NEW YEAR'S DAY. Lunch. Bar. 20.04. Roused hands about 7.30 and got away 9.30, Evans' party going ahead on foot. We followed on ski. Very stupidly we had not seen to our ski shoes beforehand, and it took a good half-hour to get them right; Wilson especially had trouble. When we did get away, to our surprise the sledge pulled very easily, and we made fine progress, rapidly gaining on the foot-haulers.

Night camp 54. Bar. 19.98. Risen about 150 feet. Height about 9600 above Barrier. They camped for lunch at 5 1/2 miles and went on easily, completing 11.3 (geo.) by 7.30. We were delayed again at lunch camp, Evans repairing the tent, and I the cooker. We caught the other party more easily in the afternoon and kept alongside them the last quarter of an hour. It was surprising how easily the sledge pulled; we have scarcely exerted ourselves all day.

We have been rising again all day, but the slopes are less accentuated. I had expected trouble with ski and hard patches, but we found none at all. (T. -14°.) The temperature is steadily falling, but it seems to fall with the wind. We are very comfortable in our double tent. Stick of chocolate to celebrate the New Year. The supporting party not in very high spirits, they have not managed matters well for themselves. Prospects seem to get brighter--only 170 miles to go and plenty of food left.

Tuesday, January 2
T. -17°. Camp 55. Height about 9980. At lunch my aneroid reading over scale 12,250, shifted hand to read 10,250. Proposed to enter heights in future with correction as calculated at end of book (minus 340 feet). The foot party went off early, before 8, and marched till 1. Again from 2.35 to 6.30. We started more than half an hour later on each march and caught the others easy. It's been a plod for the foot people and pretty easy going for us, and we have covered 13 miles (geo.).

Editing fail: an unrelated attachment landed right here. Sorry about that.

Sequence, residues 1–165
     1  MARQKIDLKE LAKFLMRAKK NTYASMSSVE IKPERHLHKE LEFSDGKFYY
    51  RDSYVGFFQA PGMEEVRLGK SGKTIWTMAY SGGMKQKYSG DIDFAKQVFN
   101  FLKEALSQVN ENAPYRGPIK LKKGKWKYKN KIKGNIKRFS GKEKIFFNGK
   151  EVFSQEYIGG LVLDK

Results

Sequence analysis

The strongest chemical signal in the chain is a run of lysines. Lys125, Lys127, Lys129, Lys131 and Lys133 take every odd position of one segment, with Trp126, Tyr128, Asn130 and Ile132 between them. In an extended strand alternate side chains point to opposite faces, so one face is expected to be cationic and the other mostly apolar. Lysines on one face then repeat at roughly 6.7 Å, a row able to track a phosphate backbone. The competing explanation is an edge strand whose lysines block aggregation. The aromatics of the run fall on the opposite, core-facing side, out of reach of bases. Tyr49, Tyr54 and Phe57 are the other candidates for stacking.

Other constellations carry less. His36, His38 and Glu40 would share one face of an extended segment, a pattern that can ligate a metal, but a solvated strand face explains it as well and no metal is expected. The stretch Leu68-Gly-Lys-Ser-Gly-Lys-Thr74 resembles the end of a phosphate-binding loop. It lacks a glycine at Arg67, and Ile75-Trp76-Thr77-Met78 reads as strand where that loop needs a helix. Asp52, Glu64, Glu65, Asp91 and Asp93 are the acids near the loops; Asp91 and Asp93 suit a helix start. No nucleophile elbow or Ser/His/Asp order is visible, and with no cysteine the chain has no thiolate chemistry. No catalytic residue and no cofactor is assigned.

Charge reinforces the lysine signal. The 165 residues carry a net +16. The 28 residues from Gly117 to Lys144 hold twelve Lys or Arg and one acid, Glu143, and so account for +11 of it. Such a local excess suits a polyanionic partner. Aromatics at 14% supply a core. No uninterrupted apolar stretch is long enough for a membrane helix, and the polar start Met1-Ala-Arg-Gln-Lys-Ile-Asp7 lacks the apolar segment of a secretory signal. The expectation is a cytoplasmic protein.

T. -11°: Obs. 87° 20' 8'' S.; 160° 40' 53'' E.; Var. 180°. The sky is slightly overcast for the first time since we left the glacier; the sun can be seen already through the veil of stratus, and blue sky round the horizon. The sastrugi have all been from the S.E. to-day, and likewise the wind, which has been pretty light. I hope the clouds do not mean wind or bad surface. The latter became poor towards the end of the afternoon. We have not risen much to-day, and the plain seems to be flattening out. Irregularities are best seen by sastrugi. A skua gull visited us on the march this afternoon--it was evidently curious, kept alighting on the snow ahead, and fluttering a few yards as we approached. It seemed to have had little food--an extraordinary visitor considering our distance from the sea.

Wednesday, January 3
Height: Lunch, 10,110; Night, 10,180. Camp 56. T.-17°. Minimum -18.5°. Within 150 miles of our goal. Last night I decided to reorganise, and this morning told off Teddy Evans, Lashly, and Crean to return. They are disappointed, but take it well. Bowers is to come into our tent, and we proceed as a five man unit to-morrow. We have 5 1/2 units of food--practically over a month's allowance for five people--it ought to see us through. We came along well on ski to-day, but the foot-haulers were slow, and so we only got a trifle over 12 miles (geo.). Very anxious to see how we shall manage to-morrow; if we can march well with the full load we shall be practically safe, I take it. The surface was very bad in patches to-day and the wind strong.